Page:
As opponents of U.S. President Joe Biden’s student debt cancellation plan weaponized a new government analysis on its estimated cost, some Democratic lawmakers on Monday pointed to the report as further evidence that the administration is on the right track.
In response to a request by a pair of Republicans, the nonpartisan Congressional Budget Office (CBO) said that Biden’s plan—which will cancel up to $20,000 in debt for federal borrowers with certain incomes—will cost about $400 billion over 30 years.

“Today’s CBO estimate makes clear that millions of middle-class Americans have more breathing room thanks to President Biden’s historic decision to cancel student debt,” declared Senate Majority Leader Chuck Schumer (D-N.Y.) and Sen. Elizabeth Warren (D-Mass.).

Schumer and Warren were among the congressional Democrats who long called on Biden to implement an even bolder plan canceling up to $50,000 in debt per federal borrower.

In their joint statement, the senators recalled the Tax Cuts and Jobs Act (TCJA) signed by former President Donald Trump in late 2017. Blasted by critics as the “GOP tax scam,” the law largely served major corporations and wealthy individuals.

“In contrast to President Trump and Republicans who gave giant corporations $2 trillion in tax breaks, President Biden delivered transformative middle-class relief by canceling student debt for working people who need it most—nearly 90% of relief dollars will go to those earning less than $75,000 a year,” Schumer and Warren said Monday, referencing a CBO analysis of the TCJA.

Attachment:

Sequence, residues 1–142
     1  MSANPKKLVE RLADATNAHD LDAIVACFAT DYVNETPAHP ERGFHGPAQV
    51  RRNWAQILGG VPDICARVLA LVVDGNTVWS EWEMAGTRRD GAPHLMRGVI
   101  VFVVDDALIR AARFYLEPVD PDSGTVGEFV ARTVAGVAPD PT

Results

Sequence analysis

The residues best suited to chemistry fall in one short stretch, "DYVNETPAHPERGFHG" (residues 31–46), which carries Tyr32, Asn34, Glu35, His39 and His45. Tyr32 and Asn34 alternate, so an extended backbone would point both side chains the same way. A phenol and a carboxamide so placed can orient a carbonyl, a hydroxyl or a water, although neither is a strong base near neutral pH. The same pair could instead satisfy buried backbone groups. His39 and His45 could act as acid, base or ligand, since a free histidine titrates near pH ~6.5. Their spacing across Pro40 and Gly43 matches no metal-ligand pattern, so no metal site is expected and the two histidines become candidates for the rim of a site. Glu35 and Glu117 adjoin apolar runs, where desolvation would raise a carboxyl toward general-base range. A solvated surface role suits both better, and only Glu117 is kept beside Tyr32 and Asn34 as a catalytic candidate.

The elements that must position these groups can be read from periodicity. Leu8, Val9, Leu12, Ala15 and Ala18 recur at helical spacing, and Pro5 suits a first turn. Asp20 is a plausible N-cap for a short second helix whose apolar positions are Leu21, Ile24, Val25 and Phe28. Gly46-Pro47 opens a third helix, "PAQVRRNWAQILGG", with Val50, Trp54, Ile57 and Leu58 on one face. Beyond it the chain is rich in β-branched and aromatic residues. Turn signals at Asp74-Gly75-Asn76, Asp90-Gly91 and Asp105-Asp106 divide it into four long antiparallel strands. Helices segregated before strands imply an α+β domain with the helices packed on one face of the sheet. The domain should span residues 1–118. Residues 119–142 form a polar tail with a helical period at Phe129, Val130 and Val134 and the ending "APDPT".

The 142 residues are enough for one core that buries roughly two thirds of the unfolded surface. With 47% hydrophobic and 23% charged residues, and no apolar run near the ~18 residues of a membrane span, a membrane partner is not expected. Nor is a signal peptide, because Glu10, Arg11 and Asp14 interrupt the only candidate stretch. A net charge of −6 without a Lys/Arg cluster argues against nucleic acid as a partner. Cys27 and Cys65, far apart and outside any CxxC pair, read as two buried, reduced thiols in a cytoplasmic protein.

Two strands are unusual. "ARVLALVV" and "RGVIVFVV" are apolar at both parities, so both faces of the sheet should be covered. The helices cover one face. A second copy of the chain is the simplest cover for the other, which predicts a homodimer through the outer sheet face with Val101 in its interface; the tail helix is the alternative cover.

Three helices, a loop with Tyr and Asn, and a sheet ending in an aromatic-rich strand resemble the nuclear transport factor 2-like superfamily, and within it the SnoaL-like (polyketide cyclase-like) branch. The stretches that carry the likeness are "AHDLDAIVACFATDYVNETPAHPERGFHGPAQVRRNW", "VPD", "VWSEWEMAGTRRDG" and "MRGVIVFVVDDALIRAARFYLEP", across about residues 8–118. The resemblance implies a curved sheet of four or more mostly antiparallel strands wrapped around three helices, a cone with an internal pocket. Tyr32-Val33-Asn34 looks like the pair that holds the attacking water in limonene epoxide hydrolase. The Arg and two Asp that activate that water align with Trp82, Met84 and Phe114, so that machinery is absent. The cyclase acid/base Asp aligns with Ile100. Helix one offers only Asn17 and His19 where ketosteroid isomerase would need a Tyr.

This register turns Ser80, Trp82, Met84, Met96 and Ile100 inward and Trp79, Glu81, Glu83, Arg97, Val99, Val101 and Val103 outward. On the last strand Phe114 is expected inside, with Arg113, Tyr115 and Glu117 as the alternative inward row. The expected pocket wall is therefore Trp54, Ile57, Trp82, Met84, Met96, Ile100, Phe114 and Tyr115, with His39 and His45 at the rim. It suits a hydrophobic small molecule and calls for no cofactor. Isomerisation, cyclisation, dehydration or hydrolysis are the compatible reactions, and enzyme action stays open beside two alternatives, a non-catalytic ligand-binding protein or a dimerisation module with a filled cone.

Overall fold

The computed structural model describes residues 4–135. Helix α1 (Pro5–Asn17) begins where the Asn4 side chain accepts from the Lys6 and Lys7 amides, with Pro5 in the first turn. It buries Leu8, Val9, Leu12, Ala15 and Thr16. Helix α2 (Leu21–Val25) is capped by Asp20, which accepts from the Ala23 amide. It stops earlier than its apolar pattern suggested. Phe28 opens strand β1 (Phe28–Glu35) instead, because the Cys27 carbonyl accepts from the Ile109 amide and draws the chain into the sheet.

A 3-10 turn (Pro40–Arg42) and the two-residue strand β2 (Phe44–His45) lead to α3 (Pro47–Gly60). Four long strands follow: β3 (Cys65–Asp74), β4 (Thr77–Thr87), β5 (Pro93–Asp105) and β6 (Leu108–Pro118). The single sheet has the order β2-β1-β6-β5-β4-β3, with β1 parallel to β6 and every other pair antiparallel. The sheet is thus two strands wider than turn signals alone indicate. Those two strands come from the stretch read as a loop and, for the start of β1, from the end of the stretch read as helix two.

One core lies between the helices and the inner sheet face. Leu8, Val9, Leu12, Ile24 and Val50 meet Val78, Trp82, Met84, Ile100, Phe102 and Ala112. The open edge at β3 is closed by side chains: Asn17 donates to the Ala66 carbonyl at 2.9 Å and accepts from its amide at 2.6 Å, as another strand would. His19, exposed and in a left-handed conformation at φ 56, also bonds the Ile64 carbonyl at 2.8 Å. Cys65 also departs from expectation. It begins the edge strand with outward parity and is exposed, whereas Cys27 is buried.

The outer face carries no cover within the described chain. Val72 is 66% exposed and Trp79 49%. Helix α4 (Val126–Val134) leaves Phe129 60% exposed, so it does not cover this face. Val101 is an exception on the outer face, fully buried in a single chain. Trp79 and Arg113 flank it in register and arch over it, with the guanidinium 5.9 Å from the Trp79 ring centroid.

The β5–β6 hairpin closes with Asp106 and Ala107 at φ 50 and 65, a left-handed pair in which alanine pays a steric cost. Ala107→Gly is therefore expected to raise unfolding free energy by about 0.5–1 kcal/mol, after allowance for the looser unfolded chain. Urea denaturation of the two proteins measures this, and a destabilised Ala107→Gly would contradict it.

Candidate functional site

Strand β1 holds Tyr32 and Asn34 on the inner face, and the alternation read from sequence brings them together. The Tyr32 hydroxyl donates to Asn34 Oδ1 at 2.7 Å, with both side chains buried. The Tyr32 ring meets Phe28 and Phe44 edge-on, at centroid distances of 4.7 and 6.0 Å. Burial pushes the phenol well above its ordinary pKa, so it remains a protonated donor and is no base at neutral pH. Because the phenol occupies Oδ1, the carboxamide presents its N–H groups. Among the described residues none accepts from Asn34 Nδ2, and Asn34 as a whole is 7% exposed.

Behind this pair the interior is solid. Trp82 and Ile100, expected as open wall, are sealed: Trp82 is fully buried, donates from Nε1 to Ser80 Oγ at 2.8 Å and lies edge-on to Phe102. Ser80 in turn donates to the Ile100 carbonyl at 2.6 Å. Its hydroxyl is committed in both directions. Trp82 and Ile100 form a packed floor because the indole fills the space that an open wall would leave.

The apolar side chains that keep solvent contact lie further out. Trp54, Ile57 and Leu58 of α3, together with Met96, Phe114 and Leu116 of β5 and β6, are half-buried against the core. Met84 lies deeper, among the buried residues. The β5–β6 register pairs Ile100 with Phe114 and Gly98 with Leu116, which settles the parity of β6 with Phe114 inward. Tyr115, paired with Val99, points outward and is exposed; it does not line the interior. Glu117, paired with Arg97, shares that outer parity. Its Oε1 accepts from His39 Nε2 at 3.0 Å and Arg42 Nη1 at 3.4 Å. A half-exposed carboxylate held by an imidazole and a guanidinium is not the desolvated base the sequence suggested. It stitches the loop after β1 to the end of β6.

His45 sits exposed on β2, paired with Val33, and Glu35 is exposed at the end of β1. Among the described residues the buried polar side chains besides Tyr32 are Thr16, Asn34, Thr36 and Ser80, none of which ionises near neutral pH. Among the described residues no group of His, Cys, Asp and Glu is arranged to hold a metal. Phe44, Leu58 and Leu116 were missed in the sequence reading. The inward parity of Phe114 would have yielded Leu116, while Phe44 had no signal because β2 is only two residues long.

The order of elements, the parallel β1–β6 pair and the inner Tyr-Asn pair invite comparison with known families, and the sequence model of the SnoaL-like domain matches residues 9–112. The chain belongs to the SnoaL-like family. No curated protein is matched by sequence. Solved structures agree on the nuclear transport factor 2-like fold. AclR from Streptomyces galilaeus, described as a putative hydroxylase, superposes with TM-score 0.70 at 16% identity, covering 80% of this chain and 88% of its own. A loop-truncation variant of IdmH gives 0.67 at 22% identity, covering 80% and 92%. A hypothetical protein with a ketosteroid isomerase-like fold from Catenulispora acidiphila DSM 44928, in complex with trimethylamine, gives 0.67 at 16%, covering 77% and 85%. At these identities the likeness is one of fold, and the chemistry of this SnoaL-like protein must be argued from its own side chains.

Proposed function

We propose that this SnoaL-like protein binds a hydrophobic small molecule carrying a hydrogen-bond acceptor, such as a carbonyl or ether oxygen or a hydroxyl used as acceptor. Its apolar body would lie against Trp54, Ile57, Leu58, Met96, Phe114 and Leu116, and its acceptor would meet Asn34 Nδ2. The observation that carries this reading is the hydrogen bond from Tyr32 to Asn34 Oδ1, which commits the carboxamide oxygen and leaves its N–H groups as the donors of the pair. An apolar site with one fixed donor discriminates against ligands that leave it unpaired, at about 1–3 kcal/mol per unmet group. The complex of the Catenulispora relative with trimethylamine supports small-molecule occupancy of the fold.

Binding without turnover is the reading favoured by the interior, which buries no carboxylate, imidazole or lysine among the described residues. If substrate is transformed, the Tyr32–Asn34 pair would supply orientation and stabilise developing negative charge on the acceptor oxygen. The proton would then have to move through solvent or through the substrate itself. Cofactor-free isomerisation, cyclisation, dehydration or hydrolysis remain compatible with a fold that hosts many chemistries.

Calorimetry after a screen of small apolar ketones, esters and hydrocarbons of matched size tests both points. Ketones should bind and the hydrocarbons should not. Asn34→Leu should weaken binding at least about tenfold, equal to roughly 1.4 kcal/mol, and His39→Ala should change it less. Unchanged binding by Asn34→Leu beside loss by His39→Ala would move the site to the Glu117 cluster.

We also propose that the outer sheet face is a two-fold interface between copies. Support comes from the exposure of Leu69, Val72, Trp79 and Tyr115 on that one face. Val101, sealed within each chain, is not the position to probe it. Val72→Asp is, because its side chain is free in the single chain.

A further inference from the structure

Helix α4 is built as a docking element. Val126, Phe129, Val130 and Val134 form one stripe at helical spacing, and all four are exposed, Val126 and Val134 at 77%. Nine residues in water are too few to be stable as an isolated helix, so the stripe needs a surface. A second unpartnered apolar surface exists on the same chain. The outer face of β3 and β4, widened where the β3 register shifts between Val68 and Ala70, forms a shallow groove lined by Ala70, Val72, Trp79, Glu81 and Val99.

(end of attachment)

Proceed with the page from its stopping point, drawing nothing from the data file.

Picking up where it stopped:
The Senate is expected to take up another National Defense Authorization Act next month. The version approved by the House in July put $839 billion toward military spending for a single year, which was widely criticized by progressives within and beyond Congress given the urgent healthcare, housing, hunger, and other needs of many Americans.

Schumer and Warren added Monday that “we don’t agree with all of CBO’s assumptions that underlie this analysis, but it is clear the pandemic payment pause and student debt cancellation are policies that demonstrate how government can and should invest in working people, not the wealthy and billionaire corporations.”

In a series of tweets Monday, CNN senior White House correspondent Phil Mattingly noted some of the limitations of the new CBO report, including that it does not factor in the planned changes to the income-driven repayment program—which one reporter said last month is “potentially a bigger deal than forgiveness.”

According to the White House, the administration’s plan could “provide relief to up to 43 million borrowers, including canceling the full remaining balance for roughly 20 million borrowers.”

As Common Dreams has reported, Biden’s student debt relief plan is popular among Americans and its announcement has been followed by an increase in the president’s approval rating among younger voters.